There is an old saying that states something to the effect that if you want to find the easiest way to do a job, just asks a lazy man. Well, at one time I might have believed that, but no more. I realize that smart people have also found many useful short cuts. This also applies to the animal kingdom. It seems that some birds and animals have developed some pretty amazing short cuts of their own. Chimpanzees use tools to pull termites out of their mounds and eat them. Whales and other water creatures acting as a team, herd fish into a tight circle and then all close in to get their fill. Cranes and geese fly in “V” formations and are constantly changing leaders. This keeps one goose from doing all the work. Breaking down the wind resistance for the rest of the flock can be a very tiring job. There are many interesting and fascinating facts about birds and animals that are not always seen.
A bird with one of the strangest instincts lives right here in the U.S.A. and many are here in Tennessee. It is known as the Cow Bird. It is not particularly pretty nor does it have a very pretty song. The Indians used to call them the Buffalo Birds. They rode on the backs of the Buffalo and ate the ticks and flies that congregated around those large animals. The Oxpecker birds in Africa do the same thing. They ride on the backs of water buffalo and rhinos and eat the ticks and flies that live around those big animals. When America was young the buffalo herds numbered in the millions and the Cow Birds followed the herds. When the buffalo moved on so did the Cow Birds. There was no time to build nests or raise babies. So what did they do? Did you ever hear of a bird that doesn’t build its own nest or raise its own babies? Cow Birds don’t. Isn’t that a little strange?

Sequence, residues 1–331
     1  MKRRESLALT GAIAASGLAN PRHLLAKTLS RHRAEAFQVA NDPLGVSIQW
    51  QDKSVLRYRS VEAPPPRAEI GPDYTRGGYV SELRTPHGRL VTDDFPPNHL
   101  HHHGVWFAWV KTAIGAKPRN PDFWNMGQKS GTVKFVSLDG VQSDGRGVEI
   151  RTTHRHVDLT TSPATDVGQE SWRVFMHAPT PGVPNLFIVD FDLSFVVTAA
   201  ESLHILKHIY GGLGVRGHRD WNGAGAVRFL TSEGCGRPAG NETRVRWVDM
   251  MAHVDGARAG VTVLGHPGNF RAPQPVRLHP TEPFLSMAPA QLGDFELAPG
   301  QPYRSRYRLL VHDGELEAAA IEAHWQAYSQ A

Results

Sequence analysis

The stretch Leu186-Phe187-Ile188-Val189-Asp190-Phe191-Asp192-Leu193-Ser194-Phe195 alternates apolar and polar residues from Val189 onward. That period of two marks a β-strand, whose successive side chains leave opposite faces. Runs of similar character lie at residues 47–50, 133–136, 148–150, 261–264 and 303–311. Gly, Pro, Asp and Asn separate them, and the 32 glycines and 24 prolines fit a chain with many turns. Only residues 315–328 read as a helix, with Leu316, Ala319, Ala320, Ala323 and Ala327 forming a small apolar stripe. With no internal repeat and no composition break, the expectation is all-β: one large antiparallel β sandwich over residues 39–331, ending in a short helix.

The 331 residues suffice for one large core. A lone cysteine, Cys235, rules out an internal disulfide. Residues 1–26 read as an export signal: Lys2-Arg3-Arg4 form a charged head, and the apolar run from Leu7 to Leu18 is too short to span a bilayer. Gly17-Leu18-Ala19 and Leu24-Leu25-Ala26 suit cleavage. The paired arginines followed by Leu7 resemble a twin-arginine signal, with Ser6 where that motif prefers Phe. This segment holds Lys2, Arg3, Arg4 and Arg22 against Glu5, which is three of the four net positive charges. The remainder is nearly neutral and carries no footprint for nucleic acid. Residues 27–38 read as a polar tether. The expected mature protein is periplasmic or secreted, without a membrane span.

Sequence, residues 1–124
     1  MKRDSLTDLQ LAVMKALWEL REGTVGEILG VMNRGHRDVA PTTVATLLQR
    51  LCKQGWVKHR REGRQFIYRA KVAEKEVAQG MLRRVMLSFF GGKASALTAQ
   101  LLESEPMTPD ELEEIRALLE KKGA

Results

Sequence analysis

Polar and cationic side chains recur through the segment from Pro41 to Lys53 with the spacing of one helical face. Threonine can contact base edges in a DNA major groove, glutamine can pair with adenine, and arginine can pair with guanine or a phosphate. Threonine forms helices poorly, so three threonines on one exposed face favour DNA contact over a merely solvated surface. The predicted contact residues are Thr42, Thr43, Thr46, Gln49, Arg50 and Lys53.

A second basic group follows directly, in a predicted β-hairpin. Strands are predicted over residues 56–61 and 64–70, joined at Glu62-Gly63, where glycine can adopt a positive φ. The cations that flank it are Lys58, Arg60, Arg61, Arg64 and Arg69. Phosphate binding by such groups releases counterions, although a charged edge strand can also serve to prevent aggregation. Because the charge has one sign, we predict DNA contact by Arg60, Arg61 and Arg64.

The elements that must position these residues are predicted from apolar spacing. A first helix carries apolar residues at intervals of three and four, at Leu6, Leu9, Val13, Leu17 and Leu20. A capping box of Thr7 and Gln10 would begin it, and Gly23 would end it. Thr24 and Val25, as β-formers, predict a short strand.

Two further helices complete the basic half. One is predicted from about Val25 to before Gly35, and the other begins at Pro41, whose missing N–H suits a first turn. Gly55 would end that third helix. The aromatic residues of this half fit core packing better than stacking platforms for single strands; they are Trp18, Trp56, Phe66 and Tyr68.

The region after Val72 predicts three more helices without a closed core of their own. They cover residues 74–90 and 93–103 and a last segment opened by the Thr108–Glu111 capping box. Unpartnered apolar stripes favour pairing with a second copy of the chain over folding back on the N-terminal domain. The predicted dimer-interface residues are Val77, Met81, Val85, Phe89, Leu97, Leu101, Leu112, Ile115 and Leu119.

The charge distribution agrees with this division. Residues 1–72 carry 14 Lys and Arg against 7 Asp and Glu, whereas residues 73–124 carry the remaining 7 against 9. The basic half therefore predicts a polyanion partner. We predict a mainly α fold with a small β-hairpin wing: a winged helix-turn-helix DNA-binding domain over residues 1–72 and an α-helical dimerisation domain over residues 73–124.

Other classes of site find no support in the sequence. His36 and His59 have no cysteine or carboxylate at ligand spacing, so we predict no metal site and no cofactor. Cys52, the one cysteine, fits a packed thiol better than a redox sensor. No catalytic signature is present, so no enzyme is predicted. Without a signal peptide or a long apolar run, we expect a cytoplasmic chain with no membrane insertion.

This very dull colored blackbird, with a brown head, developed the odd habit of laying its eggs in other bird’s nests. The mother Brown Headed Cow Bird never sees its own babies. She never feeds her own babies and never teaches it how to be a Cow Bird. The sparrow family is often the one to raise the baby Cow Birds. The mother Cow Bird just finds another bird’s nest and waits till the other bird leaves the nest. She just moves in and in a matter of a few minutes she drops her own egg in beside the other eggs and flies off leaving the other mother to do all the work.
One day as I was sitting near a window, overlooking the nest of a pair of Song Sparrows, I watched this spectacle. I saw the Song Sparrow leave her nest and out of nowhere a female Cow Bird flew in and quickly laid her large egg next to the two smaller eggs. That new egg was almost three times the size of the sparrow’s eggs. Surely the mother sparrow would remove this huge egg when she returned, but no, she just looked it over couple of times. She then jumped in the nest and did her motherly duty and sat on those eggs until they hatched. She and her mate worked themselves silly trying to feed the big, bully bird. Eventually one of her little eggs did get pushed out of the nest. After they hatched it was strange to see such a big baby next to the tiny baby in the same nest. It wasn’t long before they grew wing feathers and followed the little mother sparrow around begging for food. I guess you know who got the most. After the mother sparrow had done all she could do, the young Cow Bird flew off to join his own flock. He never knew who his real family was but his instincts still told him he was a Cow Bird. He eventually joined all the other Cow Birds down at the barn eating seeds and bugs.
There are a lot of theories as to why this bird has such a strange habit. I really think that our Creator might have something to do with it, don‘t you? I’m very thankful that some people, like Song Sparrows, adopt and raise little children that are not their own. As we know, Jesus told us that these little sparrows are very special to Him, maybe now we know one reason why.
- Uncle Burney
("McDonald Manna" March, 2007)